Treating to target by measuring disease activity and regularly adjusting therapy results in the best outcomes for people with rheumatoid arthritis.
Rheumatoid arthritis is a chronic inflammatory disease that affects a person’s joints and sometimes their internal organs, causing pain and disability. Treat-to-target is an important way of managing people with rheumatoid arthritis. Treating to target means setting a specific goal of remission (no or minimal inflammatory activity of rheumatoid arthritis) or low disease activity (low inflammatory activity) and then tailoring a person’s treatment to help them reach that goal. Remission and low disease activity are measured using a variety of clinical tests and monitoring the patient’s symptoms. Recommendations help doctors to treat patients with specific diseases. Recommendations on treating to target in rheumatoid arthritis were first published in 2010.
WHAT DID THE AUTHORS HOPE TO FIND?
The authors wanted to look for new evidence that could be included in an update of the treat-to-target recommendations.
WHO WAS STUDIED?
The authors looked at studies that had already been published. These all reported the use of treat-to-target strategies in people with rheumatoid arthritis.
HOW WAS THE STUDY CONDUCTED?
This study was based on a systematic review, which aims to identify all the published evidence on a particular topic and draw it together into one summary. The authors used electronic databases to search for trials and studies that reported studies of treat-to-target strategies in people with rheumatoid arthritis published since the last recommendations in 2010. The search gave a long list of 176 articles. Of these, 6 had the correct type of information and were included in the review. Once the results were collected a committee of physicians and patients met to discuss and vote on the information that should be included in the updated recommendations, and how to reword and order the original 2010 recommendations.
WHAT WERE THE MAIN FINDINGS OF THE STUDY?
The new recommendations are based on a set of four main ideas or ‘overarching principles’. Treatment of rheumatoid arthritis should be based on a shared decision between a patient and their doctor. The goal of treating people with rheumatoid arthritis is to improve their well-being over a long period and help them to be able to take part in work and social activities. Inflammation leads to pain, swelling and damage in the joints, and can cause disability. Stopping inflammation is the most important way to achieve treatment goals, and treating to target ensures the best outcomes for patients.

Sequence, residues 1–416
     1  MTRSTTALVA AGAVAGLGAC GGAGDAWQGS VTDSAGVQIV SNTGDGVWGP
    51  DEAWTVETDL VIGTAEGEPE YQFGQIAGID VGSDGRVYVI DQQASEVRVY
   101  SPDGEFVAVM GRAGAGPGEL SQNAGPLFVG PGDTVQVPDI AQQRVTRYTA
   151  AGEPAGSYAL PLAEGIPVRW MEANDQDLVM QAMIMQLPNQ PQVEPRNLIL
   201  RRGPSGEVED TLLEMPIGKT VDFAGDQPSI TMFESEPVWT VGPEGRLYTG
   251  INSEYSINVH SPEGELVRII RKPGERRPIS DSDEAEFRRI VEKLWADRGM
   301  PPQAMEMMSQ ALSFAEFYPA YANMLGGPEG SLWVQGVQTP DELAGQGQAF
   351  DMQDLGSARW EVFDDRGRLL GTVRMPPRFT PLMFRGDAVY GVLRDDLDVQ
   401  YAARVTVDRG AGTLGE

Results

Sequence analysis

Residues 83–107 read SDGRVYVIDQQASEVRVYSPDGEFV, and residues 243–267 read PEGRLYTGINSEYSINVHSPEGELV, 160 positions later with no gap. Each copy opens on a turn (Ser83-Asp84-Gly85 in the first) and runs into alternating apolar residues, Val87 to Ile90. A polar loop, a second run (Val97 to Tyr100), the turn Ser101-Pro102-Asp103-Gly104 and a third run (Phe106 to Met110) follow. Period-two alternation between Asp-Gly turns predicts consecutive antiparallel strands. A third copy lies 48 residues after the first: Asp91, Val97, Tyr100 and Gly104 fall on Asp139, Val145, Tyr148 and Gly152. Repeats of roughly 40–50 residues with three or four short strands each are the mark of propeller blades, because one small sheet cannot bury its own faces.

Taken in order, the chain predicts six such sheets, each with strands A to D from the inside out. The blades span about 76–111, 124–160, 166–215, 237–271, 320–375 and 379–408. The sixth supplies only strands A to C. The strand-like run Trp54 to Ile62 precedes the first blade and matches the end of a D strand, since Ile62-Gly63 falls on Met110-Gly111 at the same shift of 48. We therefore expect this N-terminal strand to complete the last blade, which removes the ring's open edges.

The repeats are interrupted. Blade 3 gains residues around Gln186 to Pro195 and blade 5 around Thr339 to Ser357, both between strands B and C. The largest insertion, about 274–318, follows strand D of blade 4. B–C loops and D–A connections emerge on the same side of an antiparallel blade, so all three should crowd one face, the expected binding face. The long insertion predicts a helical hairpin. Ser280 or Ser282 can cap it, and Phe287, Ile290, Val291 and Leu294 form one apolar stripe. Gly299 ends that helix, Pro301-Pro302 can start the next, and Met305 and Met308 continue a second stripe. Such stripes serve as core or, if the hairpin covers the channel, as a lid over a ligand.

There are 10 recommendations:
1. The main target for people with rheumatoid arthritis should be remission.
2. Remission is an absence of signs and symptoms of inflammatory disease.
3. Low disease activity may be an alternative goal for people who have had the disease for a very long time.
4. Doctors should use standard measurements to monitor the disease activity.
5. Which measure doctors use might depend on what other illnesses a patient has and what other medicines they are taking.
6. Disease activity should be measured and recorded frequently.
7. Structural changes in a joint (those seen on an X-ray), other illnesses and a person’s inability to use a joint should be taken into account when deciding how to treat.
8. Medicines should be adjusted every 3 months until the target is reached.
9. The treatment target should be maintained.
10. Patients should be involved in setting the target and deciding on the course of action.
Targeting low disease activity or remission in people who have had rheumatoid arthritis for a long time is now seen as a strong goal because there is new data about how well treatment works. Whether people have other diseases (comorbidities) is important in choosing the right treatment and dose. Regular monitoring of whether the disease has progressed (got worse) is important, and this can be done using imaging techniques such as X-ray, ultrasound or MRI (magnetic resonance imaging) to get a picture of the inside of the joint and any damage that has occurred.
ARE THESE FINDINGS NEW?
These findings are based on evidence that has already been published elsewhere, but they are new in that they expand on and update the old version of the recommendations.
HOW RELIABLE ARE THE FINDINGS?
There are some gaps in the recommendations. For example, the authors could not find any practical information about how to implement treat-to-target in normal clinics.
WHAT DO THE AUTHORS PLAN ON DOING WITH THIS INFORMATION?
These recommendations will be shared with doctors and other health professionals working with people with rheumatic diseases. It is hoped that many doctors will use them when treating their rheumatoid arthritis patients.
WHAT DOES THIS MEAN FOR ME?
If you have rheumatoid arthritis, these new recommendations could mean that your doctor will change the way you are treated. You may already have a treat-to-target goal, but if not your doctor may discuss this with you. It is important that the treat-to-target strategy should be based on shared decision between you and your doctor. If you have any questions about your treatment and how these new recommendations might affect you, you should speak to your doctor.
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Date prepared: February 2016
Summary based on research article published on: 12 May 2015
From: Smolen, JS. et al. Treating rheumatoid arthritis to target: 2014 update of the recommendations of an international task force. Ann Rheum Dis 2016;75:3–15. doi: 10.1136/annrheumdis-2015-207524.
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